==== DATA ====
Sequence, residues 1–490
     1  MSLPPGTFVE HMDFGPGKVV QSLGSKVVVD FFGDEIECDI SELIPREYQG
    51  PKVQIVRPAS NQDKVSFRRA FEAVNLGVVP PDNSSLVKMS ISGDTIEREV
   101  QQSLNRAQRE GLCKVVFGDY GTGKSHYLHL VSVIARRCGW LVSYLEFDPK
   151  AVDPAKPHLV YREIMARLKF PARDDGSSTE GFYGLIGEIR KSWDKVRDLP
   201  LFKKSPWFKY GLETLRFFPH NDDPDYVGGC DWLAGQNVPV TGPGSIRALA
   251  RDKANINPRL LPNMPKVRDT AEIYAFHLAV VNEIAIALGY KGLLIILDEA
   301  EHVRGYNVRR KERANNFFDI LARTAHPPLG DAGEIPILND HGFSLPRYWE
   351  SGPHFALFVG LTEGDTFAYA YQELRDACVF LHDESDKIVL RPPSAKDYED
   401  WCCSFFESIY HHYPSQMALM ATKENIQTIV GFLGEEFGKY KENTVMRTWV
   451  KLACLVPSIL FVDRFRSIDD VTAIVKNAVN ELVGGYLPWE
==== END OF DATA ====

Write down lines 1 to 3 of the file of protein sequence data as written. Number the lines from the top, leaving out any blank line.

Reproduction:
Sequence, residues 1–490
     1  MSLPPGTFVE HMDFGPGKVV QSLGSKVVVD FFGDEIECDI SELIPREYQG
    51  PKVQIVRPAS NQDKVSFRRA FEAVNLGVVP PDNSSLVKMS ISGDTIEREV